US police officers recall gurdwara shooting horror
Two US police officers who helped save several lives during the August shootout at a Sikh gurdwara at Oak Creek, Wisconsin that left six worshippers dead have recalled the horror of that day.
In their first television interviews, Police Lt. Brian Murphy and Officer Sam Lenda recalled to CBS News that bright Sunday morning when Wade Michael Page a supremacist walked into the Sikh temple and started shooting.
It was 10:26 the morning when Oak Creek police got the first 911 calls.
"There is a guy in the church shooting with a gun," the dispatcher said. Murphy arrived first at the Sikh temple. He found two bodies in the parking lot.
"I need an ambulance. I do not see a shooter anywhere," Murphy can be heard telling dispatchers in recordings from that day.
Just seconds after he arrived in the temple parking lot, he got out of the car and chased the gunman, Wade Michael Page, a white supremacist armed with a nine millimeter semi-automatic pistol.
"I moved forward and realised that, very quickly, that this is probably the guy that we're looking for," Murphy told CBS News, his voice raspy from his injuries.
"That's when he raised his gun and we probably shot close to the same time," Murphy was quoted as saying. "The first shot took me here. And that's why my voice is the way it is."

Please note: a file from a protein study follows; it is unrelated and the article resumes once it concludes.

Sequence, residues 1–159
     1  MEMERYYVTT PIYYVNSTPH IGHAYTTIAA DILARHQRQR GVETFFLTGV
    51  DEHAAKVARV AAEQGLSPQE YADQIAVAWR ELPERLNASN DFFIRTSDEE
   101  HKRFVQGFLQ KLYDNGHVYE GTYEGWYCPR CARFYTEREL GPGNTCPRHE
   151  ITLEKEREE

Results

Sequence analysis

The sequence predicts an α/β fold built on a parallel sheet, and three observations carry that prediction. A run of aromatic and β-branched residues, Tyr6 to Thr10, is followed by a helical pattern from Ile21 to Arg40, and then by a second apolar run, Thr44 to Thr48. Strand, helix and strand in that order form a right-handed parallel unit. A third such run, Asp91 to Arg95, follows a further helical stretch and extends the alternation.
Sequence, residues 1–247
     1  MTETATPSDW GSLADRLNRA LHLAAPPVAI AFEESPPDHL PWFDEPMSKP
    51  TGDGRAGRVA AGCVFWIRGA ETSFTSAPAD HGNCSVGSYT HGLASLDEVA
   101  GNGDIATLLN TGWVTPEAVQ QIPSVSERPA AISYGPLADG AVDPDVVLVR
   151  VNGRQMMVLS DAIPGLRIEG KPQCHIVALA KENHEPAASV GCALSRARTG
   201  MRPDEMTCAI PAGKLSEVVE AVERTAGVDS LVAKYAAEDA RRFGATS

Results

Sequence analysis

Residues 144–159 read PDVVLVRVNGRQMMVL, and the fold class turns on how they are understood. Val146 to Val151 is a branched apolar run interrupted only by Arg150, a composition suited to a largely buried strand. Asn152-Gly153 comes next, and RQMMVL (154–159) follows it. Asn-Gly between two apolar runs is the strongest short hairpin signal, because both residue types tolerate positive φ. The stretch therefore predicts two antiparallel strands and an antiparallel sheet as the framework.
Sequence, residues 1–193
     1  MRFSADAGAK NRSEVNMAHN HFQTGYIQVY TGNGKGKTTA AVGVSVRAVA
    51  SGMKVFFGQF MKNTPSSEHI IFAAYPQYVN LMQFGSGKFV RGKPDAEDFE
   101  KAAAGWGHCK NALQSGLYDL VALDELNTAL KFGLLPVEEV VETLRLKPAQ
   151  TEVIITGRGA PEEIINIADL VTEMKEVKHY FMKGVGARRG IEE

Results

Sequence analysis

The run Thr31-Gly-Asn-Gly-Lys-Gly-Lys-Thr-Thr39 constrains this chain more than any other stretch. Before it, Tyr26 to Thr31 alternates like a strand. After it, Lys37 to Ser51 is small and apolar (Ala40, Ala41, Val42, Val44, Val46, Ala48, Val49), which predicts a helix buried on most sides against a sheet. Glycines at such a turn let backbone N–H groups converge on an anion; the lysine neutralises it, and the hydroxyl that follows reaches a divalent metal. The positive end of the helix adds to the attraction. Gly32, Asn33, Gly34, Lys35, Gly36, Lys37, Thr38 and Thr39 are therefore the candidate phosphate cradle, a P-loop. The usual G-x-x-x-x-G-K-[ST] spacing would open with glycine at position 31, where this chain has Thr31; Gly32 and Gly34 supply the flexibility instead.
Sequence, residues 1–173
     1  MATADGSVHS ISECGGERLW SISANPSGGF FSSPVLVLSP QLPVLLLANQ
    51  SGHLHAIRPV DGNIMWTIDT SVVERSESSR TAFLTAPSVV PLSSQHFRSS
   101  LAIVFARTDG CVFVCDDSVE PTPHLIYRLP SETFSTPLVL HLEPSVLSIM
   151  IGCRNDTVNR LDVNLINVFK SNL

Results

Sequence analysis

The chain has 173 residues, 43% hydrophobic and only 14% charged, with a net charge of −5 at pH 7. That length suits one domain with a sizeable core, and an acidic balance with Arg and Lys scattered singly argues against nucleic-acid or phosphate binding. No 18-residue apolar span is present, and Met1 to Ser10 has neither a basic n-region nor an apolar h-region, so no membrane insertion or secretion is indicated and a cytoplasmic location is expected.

Surveillance video shows Page running toward Murphy, who is on the ground wounded and out of frame. Page shot Murphy 12 times.
About two dozen people were hiding in and around the temple when Officer Sam Lenda -- the best marksman on the force -- raced to the scene.
Lenda's dashboard camera shows a tense exchange. "Drop the gun! Drop the gun!" Lenda shouted.
"This is when I start firing at him. I hit him on the second round," Lenda told CBS, going through the events that day moment by moment.
Lenda hit Page at a range of 60 yards. The wounded gunman shot himself in the head.
Video from his police car's dashboard -- never-before seen publicly -- shows Lenda advancing on the gunman as more than two dozen people were still in danger.
"He was on a mission. I say, I confronted evil in the parking lot. And evil was not gonna leave there."